Cooper turns to leave the infield, and is met with resounding cheers and applause. As he walks unsteadily down the stairs to the dugout, we hear the umpire shout, “Play ball!”

The Pride of the Yankees: starring Gary Cooper, Teresa Wright, Babe Ruth. Directed by Sam Wood. Written by Jo Swerling & Herman J. Mankiewicz. Samuel Goldwyn Company, 1943, B&W, 128 mins.

This is part of the The 2nd Annual Classic Quotes Blogathon hosted by The Flapper Dame.

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30 thoughts on “Gary Cooper as the Luckiest Man on the Face of the Earth

  1. I’ve never had much interest in baseball movies, but this one definitely sounds worth watching (though I’ll have to be in the mood for a tearjerker — I teared up a little just reading your post).

    Liked by 1 person

  2. Great post! You are so right in staying that Teresa Wright’s portrayal of his spouse delivers enough sass to keep him humble!

    This movie is extremely heartfelt and moving, and ALS is such a devastating disease. It was heartbreaking to see his career and ability to pursue his passion taken away from him because of it, and so many suffer the same fate 😦 Really reminds you to live life to the fullest.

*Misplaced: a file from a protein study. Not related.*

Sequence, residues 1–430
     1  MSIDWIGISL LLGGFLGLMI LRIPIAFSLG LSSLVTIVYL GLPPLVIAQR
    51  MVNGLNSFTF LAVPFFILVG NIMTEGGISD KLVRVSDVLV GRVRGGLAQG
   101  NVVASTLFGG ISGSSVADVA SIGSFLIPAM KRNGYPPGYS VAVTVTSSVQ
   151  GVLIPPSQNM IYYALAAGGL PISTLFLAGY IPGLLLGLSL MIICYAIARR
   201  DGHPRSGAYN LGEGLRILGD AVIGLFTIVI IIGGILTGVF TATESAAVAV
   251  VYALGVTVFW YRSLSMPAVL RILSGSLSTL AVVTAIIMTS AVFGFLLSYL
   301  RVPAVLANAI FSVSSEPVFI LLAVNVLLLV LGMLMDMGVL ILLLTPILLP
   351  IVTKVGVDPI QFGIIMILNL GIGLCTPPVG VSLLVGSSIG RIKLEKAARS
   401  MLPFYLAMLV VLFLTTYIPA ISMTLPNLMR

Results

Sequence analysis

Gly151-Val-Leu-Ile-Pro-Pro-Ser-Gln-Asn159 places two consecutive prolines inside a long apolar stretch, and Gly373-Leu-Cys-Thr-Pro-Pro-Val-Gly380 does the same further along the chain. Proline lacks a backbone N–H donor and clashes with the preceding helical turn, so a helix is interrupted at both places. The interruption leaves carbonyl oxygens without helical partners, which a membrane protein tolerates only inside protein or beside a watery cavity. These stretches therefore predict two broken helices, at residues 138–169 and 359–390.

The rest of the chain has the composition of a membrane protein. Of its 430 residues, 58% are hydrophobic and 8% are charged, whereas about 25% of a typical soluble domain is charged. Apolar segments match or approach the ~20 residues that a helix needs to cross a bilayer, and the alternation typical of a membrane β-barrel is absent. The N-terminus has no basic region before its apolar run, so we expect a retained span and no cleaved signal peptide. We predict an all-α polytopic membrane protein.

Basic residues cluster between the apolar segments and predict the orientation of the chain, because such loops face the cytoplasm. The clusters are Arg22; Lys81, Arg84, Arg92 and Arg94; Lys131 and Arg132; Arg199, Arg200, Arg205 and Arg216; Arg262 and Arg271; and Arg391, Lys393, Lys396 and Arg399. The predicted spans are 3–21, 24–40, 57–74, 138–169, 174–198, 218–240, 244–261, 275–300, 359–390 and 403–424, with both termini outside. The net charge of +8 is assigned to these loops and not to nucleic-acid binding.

Liked by 1 person

      1. They definitely have great chemistry in this! She was wonderful in Mrs. Miniver, and she could have easily won an Academy Award for this performance as well. That would have been unprecedented to win two Oscars that same night haha. Greer Garson was tough competition for Best Actress!!

        Liked by 1 person

  3. As I recall, they don’t explicitly name ALS in the movie, which kinda makes no damn sense. Otherwise, yeah, good movie. Teresa Wright is very good as well.

    Liked by 1 person

      1. Great topic! I just read W.P. Kinsella’s “The Iowa Baseball Confederacy”. It was a little out there, but I liked the idea of going back in time to play a ridiculously long baseball game.

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  4. Gary Cooper is so noble and graceful, full of dignity and strength that it is hard not to get choked up during this film’s masterful climax. “The Pride of the Yankees” is a rare sports film that actually focuses on the player rather than the game, and that is something I can appreciate!

    Liked by 2 people

    1. Your point about the film’s climax is a good one. They didn’t cheapen the story by giving Cooper’s character the cliche Last Time Ever At Bat where he hits a home run and wins the game. Don’t get me wrong – I’m a sucker for that kind of ending in any other sports movie. Just not this one.

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  5. There are a number of excellent, emotional sports movies (e.g., BRIAN’S SONG, BANG THE DRUM SLOWLY), but this may be the granddaddy of them all. Great post!

    Liked by 1 person

  6. I don’t “get” baseball, but I enjoyed this movie very much. It is, indeed, a sadilly ironic line, but for sure a heartfelt one. Gehrig, as the film shows, has always been very loved in the baseball field, and he’s lucky in that sense. Cooper is great in the role.
    Thanks for the kind comment!
    Kisses!
    Le

    Liked by 1 person